Auriculotemporal Syndrome After Combined Modality Therapy for Cancer
AbstractAuriculotemporal syndrome frequently follows trauma to the auriculotemporal nerve, a branch of the mandibular nerve. Classic symptoms are gustatory sweating and hyperemia, with pain occurring in less than 10% of cases. We have treated six patients for a variant of auriculotemporal syndrome following combined modality therapy for head and neck cancers. Unique was the presence of pain and the absence of gustatory sweating in all cases. The combination of radical surgery, chemotherapy, and irradiation obscured the “textbook” presentation, leading to initial misdiagriosis. Long-term relief (one year) from this atypical presentation of auriculotemporal syndrome was afforded by a simple mandibular nerve block, a technic that is of no sustained therapeutic benefit in the classic cases.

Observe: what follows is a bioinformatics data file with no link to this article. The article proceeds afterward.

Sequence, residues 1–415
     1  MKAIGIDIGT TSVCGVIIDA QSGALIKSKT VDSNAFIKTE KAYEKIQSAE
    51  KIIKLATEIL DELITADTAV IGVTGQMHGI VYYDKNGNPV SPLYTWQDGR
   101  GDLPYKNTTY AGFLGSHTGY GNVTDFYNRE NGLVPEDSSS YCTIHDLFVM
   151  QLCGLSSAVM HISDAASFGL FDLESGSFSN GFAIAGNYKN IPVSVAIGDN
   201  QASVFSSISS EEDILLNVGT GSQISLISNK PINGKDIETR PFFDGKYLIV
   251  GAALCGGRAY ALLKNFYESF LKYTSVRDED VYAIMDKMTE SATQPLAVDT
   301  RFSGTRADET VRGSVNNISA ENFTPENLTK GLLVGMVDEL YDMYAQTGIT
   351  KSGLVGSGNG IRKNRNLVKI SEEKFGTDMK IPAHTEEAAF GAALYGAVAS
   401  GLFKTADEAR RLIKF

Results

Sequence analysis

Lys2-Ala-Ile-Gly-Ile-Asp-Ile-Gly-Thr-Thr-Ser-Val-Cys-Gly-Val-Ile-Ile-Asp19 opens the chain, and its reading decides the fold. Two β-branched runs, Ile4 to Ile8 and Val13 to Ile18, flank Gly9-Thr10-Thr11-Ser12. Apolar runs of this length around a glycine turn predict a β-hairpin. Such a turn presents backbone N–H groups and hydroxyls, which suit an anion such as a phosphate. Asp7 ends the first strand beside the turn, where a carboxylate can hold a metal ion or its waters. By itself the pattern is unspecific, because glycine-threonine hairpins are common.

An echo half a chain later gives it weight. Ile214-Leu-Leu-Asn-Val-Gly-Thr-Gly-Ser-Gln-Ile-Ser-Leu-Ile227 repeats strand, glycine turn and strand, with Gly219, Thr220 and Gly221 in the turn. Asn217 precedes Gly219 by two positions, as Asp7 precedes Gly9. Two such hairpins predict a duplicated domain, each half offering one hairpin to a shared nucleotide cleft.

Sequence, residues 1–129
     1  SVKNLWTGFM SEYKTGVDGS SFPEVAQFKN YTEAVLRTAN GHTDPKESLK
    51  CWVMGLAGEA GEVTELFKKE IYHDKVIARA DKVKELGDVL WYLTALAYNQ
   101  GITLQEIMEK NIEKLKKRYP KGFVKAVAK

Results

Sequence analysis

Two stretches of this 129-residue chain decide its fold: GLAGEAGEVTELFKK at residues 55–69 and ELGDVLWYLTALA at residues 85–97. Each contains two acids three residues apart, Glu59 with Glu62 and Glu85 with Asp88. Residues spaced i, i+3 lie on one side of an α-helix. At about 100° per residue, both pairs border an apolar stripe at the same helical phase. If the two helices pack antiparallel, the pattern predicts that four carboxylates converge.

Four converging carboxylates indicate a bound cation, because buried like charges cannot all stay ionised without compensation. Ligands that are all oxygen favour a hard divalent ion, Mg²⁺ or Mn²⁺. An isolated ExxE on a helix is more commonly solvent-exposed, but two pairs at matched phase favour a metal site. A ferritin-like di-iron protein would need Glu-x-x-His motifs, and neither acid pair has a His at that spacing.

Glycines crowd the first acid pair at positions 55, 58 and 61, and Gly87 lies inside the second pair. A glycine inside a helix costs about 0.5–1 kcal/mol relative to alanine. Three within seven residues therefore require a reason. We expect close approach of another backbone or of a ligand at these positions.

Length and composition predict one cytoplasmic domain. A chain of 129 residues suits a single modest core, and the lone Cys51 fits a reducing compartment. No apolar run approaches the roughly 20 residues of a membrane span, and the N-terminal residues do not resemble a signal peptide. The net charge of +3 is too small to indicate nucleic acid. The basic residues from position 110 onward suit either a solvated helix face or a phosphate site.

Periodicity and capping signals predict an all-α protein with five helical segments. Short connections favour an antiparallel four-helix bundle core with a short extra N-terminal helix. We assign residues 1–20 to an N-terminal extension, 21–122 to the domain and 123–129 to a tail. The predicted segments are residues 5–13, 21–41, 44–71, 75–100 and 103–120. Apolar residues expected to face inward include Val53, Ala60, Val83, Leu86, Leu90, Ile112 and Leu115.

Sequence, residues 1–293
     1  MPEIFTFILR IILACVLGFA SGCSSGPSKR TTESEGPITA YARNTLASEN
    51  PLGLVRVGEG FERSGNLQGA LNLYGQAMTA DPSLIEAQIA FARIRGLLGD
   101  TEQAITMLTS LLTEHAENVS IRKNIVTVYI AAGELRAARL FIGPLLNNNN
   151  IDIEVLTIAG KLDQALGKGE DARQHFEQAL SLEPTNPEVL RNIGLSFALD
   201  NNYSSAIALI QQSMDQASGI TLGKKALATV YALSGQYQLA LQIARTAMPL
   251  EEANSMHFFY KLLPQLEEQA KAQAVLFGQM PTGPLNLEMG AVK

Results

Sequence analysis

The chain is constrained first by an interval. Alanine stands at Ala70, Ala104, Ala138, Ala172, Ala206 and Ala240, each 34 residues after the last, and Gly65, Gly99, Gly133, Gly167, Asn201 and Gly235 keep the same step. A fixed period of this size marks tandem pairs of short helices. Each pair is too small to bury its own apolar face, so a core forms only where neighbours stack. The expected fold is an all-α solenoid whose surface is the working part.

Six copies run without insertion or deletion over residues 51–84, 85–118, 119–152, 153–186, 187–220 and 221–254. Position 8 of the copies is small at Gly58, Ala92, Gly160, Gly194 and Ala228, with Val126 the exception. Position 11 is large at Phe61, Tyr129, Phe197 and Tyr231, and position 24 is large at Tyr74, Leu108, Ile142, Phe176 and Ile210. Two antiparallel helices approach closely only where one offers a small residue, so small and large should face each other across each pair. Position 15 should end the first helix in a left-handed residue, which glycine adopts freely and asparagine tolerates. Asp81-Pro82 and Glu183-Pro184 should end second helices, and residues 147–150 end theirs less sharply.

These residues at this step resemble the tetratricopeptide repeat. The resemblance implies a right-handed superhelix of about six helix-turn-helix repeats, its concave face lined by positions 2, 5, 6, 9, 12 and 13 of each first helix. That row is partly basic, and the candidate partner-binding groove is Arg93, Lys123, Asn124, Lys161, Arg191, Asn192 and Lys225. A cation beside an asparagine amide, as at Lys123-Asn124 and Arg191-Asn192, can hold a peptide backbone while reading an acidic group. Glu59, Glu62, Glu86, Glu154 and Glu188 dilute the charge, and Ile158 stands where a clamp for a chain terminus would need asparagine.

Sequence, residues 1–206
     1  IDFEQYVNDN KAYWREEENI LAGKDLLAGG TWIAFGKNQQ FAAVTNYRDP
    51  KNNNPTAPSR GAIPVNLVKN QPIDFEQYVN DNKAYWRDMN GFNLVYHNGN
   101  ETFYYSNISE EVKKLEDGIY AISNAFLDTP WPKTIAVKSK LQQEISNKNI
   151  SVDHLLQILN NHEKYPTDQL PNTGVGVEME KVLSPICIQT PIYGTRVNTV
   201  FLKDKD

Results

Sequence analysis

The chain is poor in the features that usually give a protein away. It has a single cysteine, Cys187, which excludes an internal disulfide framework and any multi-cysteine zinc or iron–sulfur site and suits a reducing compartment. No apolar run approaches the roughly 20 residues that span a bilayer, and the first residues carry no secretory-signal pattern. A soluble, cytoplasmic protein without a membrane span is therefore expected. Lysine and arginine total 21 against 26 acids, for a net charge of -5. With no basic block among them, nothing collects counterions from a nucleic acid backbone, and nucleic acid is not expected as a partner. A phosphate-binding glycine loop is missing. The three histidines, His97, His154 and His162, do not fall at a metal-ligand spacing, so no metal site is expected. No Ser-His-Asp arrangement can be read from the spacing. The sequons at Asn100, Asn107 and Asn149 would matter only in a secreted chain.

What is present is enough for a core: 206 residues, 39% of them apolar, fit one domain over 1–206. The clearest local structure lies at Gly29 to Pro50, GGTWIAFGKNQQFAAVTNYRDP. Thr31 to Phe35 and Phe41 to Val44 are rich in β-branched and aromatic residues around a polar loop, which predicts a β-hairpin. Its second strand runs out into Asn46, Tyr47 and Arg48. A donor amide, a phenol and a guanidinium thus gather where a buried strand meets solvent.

This content is limited to qualifying members.
If you have an existing account please login now to access this article or view your purchase options.
Create a free account, then purchase this article to download or access it online for 24 hours.
Create a free account, then purchase a subscription to get complete access to all articles for a full year.